It’s a thought that I’ve been slowly coming around to for a while, and then the already tiresome, nauseating EU referendum intensified with tribal, polarised ‘debates’, a batshit crazy, cynical and malicious Orwellian photo-op and an American style political assassination.
Then there’s what happened after the vote. I mean where do you start? Well, I’m not even gonna bother with it. It’s inexplicable. A load of fucking nonsense.
I long assumed interest and engagement in this referendum would be minimal. Clearly I’m someone who’s ‘out of touch’, or has been made naïve by sticking firmly to my milieu of the few, where the most politicised a conversation tends to become is moaning about how shite your wages are or how your employer conducts business, or to pass comment on [insert your least favourite political figure here] ‘there that cunt on the telly again, they need to fuck off, right now’.
So I had a strain of the irreproachable arrogance Rolf Harris or Jimmy Saville utilised around young women and teenage girls in the seventies and eighties, or more relevantly many of the Remainers are now showing post Brexit. I believed that my perception of public mood and opinion was broadly accurate (and right) and mirrored my own feelings about the EU referendum. Surely the dogged cynicism that had positioned immigration as its core issue, when combined with a widespread lack of interest in the EU constitution (it’s understandable that people would have neither the time nor inclination to research this in depth), would turn many people off from engaging and voting? Now, in the aftermath, and having seen the actual effects of that combination and how many on both sides have reacted to it, I’m far more certain that many, too many of us, have indeed gone completely and utterly insane. It’s either that or we’re in complete denial about how we’re behaving. Pick one.
Central to this malaise is political engagement, or, to be more specific, the many forms of mass political engagement that now exist. Most aren’t healthy or helpful, or to be more succinct, assume a truly democratic spirit.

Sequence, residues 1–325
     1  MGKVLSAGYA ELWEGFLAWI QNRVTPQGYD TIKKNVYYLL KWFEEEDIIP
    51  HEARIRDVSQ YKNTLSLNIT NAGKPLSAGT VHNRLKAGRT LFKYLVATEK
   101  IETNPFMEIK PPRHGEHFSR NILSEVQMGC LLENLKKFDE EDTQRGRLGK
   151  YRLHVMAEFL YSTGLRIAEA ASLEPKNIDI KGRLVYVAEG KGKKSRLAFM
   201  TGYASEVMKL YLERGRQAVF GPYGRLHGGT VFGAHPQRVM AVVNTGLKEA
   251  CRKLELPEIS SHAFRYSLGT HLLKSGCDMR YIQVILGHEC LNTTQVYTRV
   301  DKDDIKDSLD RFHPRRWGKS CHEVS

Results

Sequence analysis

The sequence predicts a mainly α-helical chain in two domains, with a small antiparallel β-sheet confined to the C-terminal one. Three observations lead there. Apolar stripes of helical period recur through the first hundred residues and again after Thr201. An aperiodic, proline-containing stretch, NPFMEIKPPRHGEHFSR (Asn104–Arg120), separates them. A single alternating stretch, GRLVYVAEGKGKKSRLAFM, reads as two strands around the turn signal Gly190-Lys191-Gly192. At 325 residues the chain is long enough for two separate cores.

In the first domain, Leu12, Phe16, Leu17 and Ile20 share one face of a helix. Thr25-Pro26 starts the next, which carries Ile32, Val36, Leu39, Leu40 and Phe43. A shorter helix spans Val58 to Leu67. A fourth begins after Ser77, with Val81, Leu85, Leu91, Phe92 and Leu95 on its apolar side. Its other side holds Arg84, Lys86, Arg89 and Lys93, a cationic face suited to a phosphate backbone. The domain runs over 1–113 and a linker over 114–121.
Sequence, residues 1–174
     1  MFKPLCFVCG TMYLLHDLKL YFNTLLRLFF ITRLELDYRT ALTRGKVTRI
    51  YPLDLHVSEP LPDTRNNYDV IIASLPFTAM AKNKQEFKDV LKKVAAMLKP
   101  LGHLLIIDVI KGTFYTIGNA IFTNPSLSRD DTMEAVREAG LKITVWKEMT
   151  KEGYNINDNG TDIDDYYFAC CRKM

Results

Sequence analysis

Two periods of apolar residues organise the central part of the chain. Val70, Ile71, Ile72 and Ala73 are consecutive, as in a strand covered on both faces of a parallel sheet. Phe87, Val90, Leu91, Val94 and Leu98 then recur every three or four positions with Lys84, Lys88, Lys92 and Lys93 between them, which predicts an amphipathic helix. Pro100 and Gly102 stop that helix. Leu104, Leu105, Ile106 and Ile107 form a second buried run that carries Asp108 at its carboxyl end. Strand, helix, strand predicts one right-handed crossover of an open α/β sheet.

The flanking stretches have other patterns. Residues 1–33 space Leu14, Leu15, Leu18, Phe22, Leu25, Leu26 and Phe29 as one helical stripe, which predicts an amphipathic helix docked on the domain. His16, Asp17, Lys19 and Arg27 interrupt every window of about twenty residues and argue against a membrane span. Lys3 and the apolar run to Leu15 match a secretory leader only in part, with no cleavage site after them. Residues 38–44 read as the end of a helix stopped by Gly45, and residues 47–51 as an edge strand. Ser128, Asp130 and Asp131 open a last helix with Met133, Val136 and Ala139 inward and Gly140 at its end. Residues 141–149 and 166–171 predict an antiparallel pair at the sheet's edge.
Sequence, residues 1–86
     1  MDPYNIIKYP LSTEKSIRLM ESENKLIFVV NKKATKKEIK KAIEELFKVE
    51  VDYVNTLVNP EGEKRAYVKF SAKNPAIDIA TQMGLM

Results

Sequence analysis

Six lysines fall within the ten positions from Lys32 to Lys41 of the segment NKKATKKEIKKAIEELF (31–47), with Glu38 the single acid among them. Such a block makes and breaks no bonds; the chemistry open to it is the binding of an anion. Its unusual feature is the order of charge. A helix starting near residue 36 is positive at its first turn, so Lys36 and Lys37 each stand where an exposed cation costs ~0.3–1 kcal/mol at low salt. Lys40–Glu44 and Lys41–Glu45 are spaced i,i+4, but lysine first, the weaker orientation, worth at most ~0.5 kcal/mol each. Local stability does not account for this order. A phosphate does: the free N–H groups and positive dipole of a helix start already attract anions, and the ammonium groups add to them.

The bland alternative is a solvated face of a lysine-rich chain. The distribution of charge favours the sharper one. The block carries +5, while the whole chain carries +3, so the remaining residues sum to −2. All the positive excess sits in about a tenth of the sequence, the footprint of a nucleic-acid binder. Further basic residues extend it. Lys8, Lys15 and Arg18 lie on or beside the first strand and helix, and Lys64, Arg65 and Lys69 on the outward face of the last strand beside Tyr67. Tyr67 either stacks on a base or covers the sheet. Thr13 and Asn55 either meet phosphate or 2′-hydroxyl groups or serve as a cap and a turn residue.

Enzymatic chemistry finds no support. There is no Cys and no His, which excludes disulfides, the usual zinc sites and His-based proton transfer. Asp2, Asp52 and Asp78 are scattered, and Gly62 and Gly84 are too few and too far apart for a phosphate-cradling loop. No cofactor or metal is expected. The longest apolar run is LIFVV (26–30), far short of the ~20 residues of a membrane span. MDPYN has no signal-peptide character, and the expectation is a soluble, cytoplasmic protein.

There’s a fundamental mis-understanding many now exhibit during political discourse, or just willingly ignore altogether – to change someone else’s mind you first have to attempt to understand why someone thinks differently from you, or, at the very least, consider what may have caused it, and figure out a way to explain the cause or causes to them without being a patronising cunt. That takes skill and a level of trust, and those aren’t earned easily. During this referendum there was precious little self-awareness displayed on social media or by the corporate media commentariat. It was a lousy succession of self-serving preachy opinion pieces, tweets and forum posts, many of them pointlessly seeking the validation of the like-minded. All they did was tell us what they thought of the other side, why they were right (see me, I can predict the future so I can) in a passive aggressive manner, or, worst of all, telling you what was best for you and how to think. This was accompanied by hostile barbs aimed at the contrarian viewpoint if anyone dared to offer it.
This is a new form of moral hedonism and intellectual dishonesty that sees petty point scoring, grandstanding, and pious absolutism masquerading as campaigning. It’s become so widespread that people are no longer inclined to listen unless the content ensures confirmation bias(es). If you went on the internet to state how you voted, or were intending to vote, and why, unless you’re doing this among your congregation (or on a blog nobody reads), you’re likely onto a loser. State you’re voting remain to Brexiters and you’d be branded a traitor who has been cowed by the establishment, or a subservient gimp who ‘liked being ruled from Brussels’. If a Remainer posted a graph showing you the economic benefits of EU membership it would often be followed by a snide dig that voting Leave meant you were blithely protesting against the Westminster establishment, or that you were just a xenophobe who believed in the cod historical romanticism of ‘how things used to be’, or worst of all beguiled by Nigel Farage’s highly divisive rhetoric.